Indeed, as the first theoretical move toward this aim, we could begin by highlighting existing Ethiopian traditions that can provide critical alternatives to the existing and politicized hate speech debates. For instance, one of the best known traditions in Ethiopia consists of the various liturgical and literary practices loosely called the Sen-ena-Werq (wax and gold).4 This tradition, derived from the highland Amhara and the Ethiopian Orthodox Church, consists of a philosophy of language/meaning that is based on complex double meanings, wordplay, and the use of metaphor. While the merits of using this concept for political and social analysis has been highly contested among researchers (see Levine, 1965; Messay, 1999), the wax and gold tradition, by foregrounding ambiguity and subterfuge, could critically sidestep a more deterministic understanding of communication by bringing it closer to a more poststructuralist understanding of communication as a form of play and creative appropriation of existing norms against power (see Baudrillard, 1983; Bezabeh, 2014). Girma (2011) writes that "the wax and gold's affinity with dualism seems to have served an unintended purpose--the ambiguity surrounding it, at times, seems to have provided a space in which to criticize people who otherwise are hard to reprimand" (p. 176). Levine (1965) has similarly noted that this tradition of communication has historically been used as a "means to insult somebody in a socially acceptable manner," as a technique for "defending the sphere of privacy against excessive intrusion," and as a "medium to criticize authority" (p. 9) in a society where violent conflict and excesses of authority have always been dominant.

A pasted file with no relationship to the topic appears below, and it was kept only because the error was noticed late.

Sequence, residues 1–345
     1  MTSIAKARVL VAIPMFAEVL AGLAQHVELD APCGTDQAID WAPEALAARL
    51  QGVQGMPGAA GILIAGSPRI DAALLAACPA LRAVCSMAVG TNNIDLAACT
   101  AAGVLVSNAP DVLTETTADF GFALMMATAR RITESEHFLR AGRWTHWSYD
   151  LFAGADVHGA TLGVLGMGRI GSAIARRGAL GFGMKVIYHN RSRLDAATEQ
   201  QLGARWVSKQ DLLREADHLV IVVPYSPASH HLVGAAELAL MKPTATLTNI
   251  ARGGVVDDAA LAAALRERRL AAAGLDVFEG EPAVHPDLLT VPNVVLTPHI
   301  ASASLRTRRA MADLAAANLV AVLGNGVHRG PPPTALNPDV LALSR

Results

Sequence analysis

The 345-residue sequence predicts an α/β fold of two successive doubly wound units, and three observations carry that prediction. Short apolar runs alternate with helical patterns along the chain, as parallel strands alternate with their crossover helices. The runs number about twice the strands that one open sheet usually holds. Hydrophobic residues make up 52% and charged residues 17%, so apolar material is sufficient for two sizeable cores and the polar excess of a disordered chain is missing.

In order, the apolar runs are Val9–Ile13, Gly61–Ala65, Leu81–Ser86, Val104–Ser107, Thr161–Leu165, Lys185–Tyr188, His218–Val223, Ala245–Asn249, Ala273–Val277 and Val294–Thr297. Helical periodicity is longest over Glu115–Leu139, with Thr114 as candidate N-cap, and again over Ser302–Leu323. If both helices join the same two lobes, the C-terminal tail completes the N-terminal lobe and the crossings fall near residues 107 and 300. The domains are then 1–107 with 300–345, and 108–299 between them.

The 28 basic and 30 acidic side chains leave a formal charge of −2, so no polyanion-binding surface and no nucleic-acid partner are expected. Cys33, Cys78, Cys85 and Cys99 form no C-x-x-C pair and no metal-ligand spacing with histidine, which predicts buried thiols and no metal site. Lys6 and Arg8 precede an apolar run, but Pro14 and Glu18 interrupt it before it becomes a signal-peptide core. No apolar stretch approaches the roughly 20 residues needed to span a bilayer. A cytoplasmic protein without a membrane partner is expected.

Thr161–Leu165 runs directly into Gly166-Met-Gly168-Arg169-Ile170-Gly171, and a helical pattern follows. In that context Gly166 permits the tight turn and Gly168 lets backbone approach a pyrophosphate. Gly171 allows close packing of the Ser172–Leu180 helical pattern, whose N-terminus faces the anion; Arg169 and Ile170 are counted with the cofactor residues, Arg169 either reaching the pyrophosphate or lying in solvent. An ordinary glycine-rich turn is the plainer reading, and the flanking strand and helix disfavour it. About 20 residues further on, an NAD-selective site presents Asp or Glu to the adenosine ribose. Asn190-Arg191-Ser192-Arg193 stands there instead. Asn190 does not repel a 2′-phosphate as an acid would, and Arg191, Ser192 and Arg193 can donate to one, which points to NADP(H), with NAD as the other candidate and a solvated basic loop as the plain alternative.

Similarly, research on other Ethiopian traditions of communications such as the Gadaa among the Oromo, the Kassow songs among the Afar, or the Gubo among the Somali communities can also potentially provide repertoires of new concepts to initiate such critical anthropological research on online communication in Ethiopia. Whether these traditions are suitable for understanding contemporary online practices in Ethiopia and especially its hybrid diasporic online spaces remains too early to speculate (see Skjerdal, 2009). What our discussion of the concept of extreme speech in the Ethiopian context, however, suggests is that defining such speech without first closely understanding its illocutionary contexts (Butler, 1997) can obviate the subtle nuances of communication behind overarching categories such as hate speech if the definition is imposed from the outside.

Conclusion